The first big test for Riccardi: In the coming days, Italy will have to approve a decree to extent international military missions in conflict areas such as Afghanistan or Lebanon. The decree includes total costs – up to 1.5 million euros over 12 months – and limited resources allocated to development cooperation initiatives in the same regions.
Since 2008, the share of military spending has increased while foreign aid has been cut. Can Riccardi reverse this trend and start a reform debate even without MFA? To do so, he must win over other ministers and stakeholders.
Empty coffers in 2012
In 2012, after a series of bilateral ODA cuts – a 88 percent reduction since 2008 – DGCS will not be able to approve any new aid initiatives. Its 86 million euro budget allows just only little spending on emergencies and initiatives funded by concessional loans. The irony: A majority of the Italian people – 64 percent, according to a November poll – support an increase in development aid. This is the second highest support rate in Europe.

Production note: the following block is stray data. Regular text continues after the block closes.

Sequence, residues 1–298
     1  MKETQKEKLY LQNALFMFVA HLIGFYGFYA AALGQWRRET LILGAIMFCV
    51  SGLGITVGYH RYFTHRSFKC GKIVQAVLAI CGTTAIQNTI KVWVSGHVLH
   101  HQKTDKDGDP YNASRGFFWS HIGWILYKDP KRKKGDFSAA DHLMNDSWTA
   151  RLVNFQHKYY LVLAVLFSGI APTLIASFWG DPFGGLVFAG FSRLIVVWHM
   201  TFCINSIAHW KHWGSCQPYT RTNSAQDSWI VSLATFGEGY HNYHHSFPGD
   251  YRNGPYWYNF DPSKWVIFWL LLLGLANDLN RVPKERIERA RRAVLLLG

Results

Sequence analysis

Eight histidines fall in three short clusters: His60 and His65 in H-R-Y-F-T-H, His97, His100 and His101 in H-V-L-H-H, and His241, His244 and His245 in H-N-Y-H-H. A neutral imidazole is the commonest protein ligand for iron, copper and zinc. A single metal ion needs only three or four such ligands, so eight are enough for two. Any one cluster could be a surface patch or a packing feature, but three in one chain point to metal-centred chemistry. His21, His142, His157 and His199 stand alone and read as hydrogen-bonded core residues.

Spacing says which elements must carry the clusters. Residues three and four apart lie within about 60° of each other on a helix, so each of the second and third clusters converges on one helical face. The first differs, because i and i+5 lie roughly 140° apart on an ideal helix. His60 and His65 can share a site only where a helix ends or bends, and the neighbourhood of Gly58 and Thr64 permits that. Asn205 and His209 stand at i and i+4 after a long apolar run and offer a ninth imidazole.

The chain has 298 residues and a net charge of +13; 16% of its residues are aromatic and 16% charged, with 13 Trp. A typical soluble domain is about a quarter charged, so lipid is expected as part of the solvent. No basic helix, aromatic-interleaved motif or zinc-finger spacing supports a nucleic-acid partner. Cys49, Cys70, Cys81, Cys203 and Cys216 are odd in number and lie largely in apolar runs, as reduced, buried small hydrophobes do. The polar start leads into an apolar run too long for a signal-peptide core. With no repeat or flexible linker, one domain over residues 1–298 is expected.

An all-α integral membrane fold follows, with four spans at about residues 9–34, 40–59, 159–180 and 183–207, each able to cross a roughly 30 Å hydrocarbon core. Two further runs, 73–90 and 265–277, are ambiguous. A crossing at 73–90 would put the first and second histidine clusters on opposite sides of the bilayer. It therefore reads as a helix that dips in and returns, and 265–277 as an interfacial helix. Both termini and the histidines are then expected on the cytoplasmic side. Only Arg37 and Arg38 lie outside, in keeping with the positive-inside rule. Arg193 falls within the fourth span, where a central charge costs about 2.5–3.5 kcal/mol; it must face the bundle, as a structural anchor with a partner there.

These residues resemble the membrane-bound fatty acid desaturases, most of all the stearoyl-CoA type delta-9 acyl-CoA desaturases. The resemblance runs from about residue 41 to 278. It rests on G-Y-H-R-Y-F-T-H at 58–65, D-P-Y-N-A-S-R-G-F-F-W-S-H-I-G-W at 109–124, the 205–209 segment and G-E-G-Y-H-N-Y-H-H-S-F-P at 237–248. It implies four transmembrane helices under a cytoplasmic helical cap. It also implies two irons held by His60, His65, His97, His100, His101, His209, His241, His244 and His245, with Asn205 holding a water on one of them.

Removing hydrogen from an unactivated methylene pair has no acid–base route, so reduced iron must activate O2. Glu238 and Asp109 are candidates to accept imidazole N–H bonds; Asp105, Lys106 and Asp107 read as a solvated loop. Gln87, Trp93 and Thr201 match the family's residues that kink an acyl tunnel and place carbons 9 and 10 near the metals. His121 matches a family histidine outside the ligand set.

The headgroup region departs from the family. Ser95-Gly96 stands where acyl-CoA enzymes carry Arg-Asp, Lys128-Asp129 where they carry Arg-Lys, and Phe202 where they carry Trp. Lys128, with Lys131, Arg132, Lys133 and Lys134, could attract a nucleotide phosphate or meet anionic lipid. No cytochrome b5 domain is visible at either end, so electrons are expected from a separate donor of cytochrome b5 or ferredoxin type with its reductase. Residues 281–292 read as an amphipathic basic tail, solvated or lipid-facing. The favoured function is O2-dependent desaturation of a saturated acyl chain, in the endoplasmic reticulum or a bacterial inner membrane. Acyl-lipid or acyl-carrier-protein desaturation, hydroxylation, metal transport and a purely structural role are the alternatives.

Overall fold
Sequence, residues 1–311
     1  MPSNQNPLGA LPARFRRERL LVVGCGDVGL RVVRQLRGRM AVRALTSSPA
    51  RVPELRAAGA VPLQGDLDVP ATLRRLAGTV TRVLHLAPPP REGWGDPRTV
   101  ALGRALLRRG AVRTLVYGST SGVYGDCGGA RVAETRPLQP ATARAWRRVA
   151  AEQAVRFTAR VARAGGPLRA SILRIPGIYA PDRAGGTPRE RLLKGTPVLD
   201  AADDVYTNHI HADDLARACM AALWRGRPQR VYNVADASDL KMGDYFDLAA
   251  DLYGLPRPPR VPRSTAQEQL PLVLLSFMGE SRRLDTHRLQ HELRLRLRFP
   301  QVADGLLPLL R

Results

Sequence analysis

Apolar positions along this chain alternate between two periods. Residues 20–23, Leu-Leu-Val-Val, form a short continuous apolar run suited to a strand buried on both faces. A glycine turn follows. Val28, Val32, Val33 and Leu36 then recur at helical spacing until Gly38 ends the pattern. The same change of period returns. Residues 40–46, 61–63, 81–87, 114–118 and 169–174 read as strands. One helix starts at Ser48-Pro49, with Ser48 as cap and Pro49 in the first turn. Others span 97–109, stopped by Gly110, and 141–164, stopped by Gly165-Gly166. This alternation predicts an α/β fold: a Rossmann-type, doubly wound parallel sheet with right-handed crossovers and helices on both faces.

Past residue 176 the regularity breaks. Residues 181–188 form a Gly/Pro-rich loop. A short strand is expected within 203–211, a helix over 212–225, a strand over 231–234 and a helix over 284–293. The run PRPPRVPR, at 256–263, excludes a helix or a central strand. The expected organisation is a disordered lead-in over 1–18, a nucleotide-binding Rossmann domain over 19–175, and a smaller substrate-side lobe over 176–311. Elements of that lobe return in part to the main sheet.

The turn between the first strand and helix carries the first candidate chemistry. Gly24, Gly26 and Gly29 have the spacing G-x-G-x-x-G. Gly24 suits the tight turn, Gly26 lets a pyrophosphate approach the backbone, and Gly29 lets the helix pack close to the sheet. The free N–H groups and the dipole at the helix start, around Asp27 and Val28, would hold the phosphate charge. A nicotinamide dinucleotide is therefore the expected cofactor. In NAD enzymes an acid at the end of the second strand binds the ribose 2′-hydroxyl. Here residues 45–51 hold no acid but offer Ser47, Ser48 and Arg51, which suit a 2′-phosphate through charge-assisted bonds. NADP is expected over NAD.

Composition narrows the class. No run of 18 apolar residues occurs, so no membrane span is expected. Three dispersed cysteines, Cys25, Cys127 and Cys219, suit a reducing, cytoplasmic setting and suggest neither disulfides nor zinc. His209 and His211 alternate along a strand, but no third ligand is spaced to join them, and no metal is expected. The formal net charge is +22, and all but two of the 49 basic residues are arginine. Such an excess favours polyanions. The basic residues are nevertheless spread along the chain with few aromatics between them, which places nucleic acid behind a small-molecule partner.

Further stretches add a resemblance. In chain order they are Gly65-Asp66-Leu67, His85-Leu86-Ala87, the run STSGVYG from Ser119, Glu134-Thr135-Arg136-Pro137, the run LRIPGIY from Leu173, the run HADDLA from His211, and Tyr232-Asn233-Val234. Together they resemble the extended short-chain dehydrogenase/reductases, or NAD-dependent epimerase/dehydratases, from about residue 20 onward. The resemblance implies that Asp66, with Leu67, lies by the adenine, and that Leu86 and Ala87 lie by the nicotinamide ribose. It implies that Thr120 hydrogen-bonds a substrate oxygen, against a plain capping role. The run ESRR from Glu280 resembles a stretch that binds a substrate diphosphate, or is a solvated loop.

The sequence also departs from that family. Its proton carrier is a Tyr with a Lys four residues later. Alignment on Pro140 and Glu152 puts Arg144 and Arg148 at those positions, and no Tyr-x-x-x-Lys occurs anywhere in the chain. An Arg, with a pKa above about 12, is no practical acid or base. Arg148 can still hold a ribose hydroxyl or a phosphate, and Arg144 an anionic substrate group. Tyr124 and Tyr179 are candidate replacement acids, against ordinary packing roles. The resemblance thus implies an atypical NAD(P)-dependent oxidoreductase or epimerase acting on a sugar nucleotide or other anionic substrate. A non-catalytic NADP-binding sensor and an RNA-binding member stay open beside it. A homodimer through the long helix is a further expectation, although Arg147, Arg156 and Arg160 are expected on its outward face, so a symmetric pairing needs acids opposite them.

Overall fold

In the last three years, attempts to get the private sector to pitch in on foreign aid failed, and ODA now stands at the lowest level since DGCS was established. If this trend continues, Italy will have to further decrease the number of priority countries from 26 to 21 between 2012-2014, following an already approved 20 percent reduction in local offices and 25 percent reduction in personnel.
The dearth in financial resources is so serious that all NGOs approved for 3-year projects in September will now only be funded for one year by DGCS. True, most Italian NGOs are not going to be seriously affected: Due to long-declining national resources, many Italian NGOs have developed alternative funding channels, managing to raise around 450 million euros per year from the public. (Some 280 million euros are raised by just 10 NGOs.)
Italy is already responsible for derailing ambitious EU plans to lead in international cooperation. The country’s new international cooperation minister should act swiftly to reverse what could set a dangerous precedent for other cash-strapped donors.